• Looking - always initiate the turn by looking where you want to go.
  • Rudder - place the blade in a low brace rudder position; graduate the pressure as required by your boat.
  • Rail - the boat should be edged or leant over so the rail on the inside of the turn is engaged.

Common problems

Boat turning broadside to the wave

This happens when you allow the rail of the boat to remain engaged. The boat will only do what you tell it to, so if you are telling it to turn, it will! You can remedy this problem by neutralising the boat when you are pointing in the direction you want to go, in this case 1 or 11. Look at picture 7 in the sequence below, for an example of a neutral boat.

Boat stiff to turn

This is common if you try and turn the boat out of sequence. The body and the paddles should be initiating the turn and the boat should follow. Remember the order of Look - Rudder - Rail.


Good surf kayakers are always at least one move ahead. As the boat is going through 12 you should already be turning your head to initiate the turn back to where you've come from. For the first few times you do this exercise, imagine you have a metronome ticking in your head. Left, right, left, right, left, right - smooth controlled turns initiated by you! As you become more comfortable and proficient at it, hold the boat for a count of three when you are pointing at 11 or 1.


Exercise Two

This is the same as exercise one, however this time you are going to vary the boat between 10 o'clock and 2 o'clock. All the same principles apply. The photo sequence below shows a paddler moving their boat between 10 and 2 o'clock.

Too easy? Try 3 and 9, or if you are feeling particularly athletic 4 and 8 o'clock!



Exercise Three

This time, catch a wave and turn your boat so that it is pointing at 10 or 2 o'clock depending on whether the wave's breaking left or right.

On a right hander, once you are comfortably surfing at 2 o'clock, turn the boat to 3 then instantly back down to 1, and keep repeating. You should find that the boat is now surfing up and down the wave face! Remember to maintain the sequence of Look - Rudder - Rail.

Below is a sequence of a paddler surfing between 1 and 3 o'clock. You can see how he is surfing up and down the wave face in a combination of bottom and top turns. If you managed to complete exercise one, you should be able to do this!



We've mentioned a lot about the body in terms of it leaning the boat over from rail to rail. However the body also serves as a brake and accelerator through how we trim the boat.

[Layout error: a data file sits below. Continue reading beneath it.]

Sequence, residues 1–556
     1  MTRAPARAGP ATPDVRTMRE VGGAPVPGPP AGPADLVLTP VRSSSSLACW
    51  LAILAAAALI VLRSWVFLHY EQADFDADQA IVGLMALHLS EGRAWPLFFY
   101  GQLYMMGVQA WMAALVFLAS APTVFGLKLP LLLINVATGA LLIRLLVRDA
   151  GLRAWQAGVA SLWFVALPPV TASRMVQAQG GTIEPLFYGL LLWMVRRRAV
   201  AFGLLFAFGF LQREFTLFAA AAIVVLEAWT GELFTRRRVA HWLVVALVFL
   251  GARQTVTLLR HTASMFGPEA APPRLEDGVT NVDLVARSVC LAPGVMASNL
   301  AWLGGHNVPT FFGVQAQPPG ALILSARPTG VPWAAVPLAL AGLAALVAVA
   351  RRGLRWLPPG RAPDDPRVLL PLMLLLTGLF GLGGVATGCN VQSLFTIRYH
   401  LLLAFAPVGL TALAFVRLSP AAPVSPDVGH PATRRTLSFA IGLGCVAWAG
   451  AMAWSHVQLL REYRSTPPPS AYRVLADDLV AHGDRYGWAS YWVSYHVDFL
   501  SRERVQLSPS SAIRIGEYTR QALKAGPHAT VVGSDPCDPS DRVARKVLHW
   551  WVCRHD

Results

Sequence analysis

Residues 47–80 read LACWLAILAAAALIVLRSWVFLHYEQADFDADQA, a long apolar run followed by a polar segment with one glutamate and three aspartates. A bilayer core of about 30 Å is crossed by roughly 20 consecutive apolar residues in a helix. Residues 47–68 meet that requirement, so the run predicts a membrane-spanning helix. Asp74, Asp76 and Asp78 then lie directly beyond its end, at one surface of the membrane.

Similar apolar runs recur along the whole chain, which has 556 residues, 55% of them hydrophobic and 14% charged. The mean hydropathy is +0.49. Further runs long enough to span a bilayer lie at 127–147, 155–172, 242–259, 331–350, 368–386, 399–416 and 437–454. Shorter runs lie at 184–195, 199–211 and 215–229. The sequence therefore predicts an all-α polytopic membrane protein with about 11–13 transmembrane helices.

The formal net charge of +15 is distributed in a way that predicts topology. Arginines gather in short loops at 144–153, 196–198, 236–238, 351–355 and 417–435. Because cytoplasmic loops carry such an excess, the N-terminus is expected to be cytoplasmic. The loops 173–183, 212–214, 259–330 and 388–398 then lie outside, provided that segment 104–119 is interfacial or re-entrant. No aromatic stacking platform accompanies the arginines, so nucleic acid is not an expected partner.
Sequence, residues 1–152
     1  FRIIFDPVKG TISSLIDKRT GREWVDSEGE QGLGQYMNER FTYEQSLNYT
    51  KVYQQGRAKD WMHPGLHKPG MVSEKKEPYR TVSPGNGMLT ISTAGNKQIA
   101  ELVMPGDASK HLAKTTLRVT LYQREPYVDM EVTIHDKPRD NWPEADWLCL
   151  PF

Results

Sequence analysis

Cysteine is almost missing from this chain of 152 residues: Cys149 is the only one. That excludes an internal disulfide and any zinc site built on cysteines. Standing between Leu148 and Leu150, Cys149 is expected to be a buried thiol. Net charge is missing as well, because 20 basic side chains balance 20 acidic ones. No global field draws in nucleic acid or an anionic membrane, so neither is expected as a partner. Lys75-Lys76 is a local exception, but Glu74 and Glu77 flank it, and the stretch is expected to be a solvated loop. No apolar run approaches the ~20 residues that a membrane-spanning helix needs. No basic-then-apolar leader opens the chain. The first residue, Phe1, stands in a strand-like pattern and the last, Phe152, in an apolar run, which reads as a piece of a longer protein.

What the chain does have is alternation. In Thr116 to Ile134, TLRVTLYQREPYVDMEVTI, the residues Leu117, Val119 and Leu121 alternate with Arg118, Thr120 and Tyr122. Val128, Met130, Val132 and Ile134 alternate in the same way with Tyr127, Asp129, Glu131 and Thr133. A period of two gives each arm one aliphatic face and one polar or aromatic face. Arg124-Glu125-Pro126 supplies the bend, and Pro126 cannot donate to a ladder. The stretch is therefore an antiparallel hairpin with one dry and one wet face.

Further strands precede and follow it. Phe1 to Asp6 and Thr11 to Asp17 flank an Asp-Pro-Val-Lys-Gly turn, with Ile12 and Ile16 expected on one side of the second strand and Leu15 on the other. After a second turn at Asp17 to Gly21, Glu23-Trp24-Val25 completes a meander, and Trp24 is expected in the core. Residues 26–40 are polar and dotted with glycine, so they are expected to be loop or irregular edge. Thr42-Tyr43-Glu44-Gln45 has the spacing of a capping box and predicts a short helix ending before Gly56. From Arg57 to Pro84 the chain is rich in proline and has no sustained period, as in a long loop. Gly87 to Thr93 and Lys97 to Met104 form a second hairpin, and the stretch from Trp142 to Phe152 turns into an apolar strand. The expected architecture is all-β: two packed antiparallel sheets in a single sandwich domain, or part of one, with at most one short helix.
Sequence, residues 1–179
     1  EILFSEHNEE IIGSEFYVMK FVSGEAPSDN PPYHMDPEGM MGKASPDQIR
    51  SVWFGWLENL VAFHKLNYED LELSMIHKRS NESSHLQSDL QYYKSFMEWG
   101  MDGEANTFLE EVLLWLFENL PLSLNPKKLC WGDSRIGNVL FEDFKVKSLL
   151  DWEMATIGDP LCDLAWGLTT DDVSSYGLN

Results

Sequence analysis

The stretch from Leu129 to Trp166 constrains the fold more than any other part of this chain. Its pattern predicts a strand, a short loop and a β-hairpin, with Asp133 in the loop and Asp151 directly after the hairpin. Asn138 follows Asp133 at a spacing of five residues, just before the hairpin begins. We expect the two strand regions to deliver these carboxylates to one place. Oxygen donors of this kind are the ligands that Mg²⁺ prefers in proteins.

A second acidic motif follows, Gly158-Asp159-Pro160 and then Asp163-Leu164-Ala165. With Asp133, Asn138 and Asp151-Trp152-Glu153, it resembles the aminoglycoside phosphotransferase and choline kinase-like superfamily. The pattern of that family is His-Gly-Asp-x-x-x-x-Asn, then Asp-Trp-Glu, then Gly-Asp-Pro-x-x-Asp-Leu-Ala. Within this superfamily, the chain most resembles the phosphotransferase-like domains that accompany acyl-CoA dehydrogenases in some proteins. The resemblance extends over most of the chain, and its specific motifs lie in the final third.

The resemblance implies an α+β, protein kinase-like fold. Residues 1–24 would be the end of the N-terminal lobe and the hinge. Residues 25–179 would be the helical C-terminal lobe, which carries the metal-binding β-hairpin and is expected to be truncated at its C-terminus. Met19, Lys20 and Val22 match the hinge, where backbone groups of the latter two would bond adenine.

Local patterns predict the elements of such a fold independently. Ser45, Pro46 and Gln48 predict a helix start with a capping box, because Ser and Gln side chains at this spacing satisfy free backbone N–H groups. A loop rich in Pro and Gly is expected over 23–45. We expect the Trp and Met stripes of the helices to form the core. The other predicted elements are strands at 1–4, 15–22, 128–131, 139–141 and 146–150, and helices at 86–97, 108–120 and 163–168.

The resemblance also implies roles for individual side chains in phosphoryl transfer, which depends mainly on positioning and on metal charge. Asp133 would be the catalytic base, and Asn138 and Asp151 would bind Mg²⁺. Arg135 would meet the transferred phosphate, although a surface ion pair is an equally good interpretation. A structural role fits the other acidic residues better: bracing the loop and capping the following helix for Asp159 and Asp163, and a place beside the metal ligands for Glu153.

Trim refers to leaning forwards or backwards in the boat, by leaning forwards you increase the waterline length of the boat and will therefore increase the speed at which it travels. By leaning back you force the tail of the boat into the wave creating drag which will slow the boat down.

The two pictures below clearly show a paddler aggressively trimmed forwards trying to generate speed, and another trying to put the brakes on! 

The application of trim

Your trim should constantly be changing as you adapt your speed and position in the boat to suit the waves that you're surfing. Some manoeuveres in the surf rely almost solely on trim. The sequence below shows Alejo Pacheco, one of the world's finest kayak surfers, using trim to get barrelled.



Surf kayaking can be seen as drawing lines on a wave.  In fact the more 'scribbled' your line generally the more impressive your wave has been. As we learn, our lines go from being straight, to S shapes, and eventually to varying patterns all over the wave face - a mix of tight slashes and arcing curves.

To make our lines most impressive we need to use the whole of the wave face. Look at the diagram below, the wave has been split into top, middle, and bottom. Look back at all the pictures on this site and decide whether the surfer is in the top, middle or bottom of the wave.

Now get someone to watch your riding, or alternatively get some video or pictures of yourself riding, and decide where you are riding most. If you are only riding in one or two sections you need to think about how to adapt your riding so that you visit the other sections. Exercise three in the rail to rail transfers guide above will help you surf through all three sections.


When it all goes wrong!

Sometimes the beginning, middle and end all seem to happen at the same time. North Devon surfer, and surf kayak coach Chris Cutts-Hammond goes over the falls. Pictures by John Watson






This page has been possible through the sales of the 2011 Calendar


Thank you to everyone who's bought one or donated!


Pictures on this page by:

Pete Copp

John Watson

Mick Feeney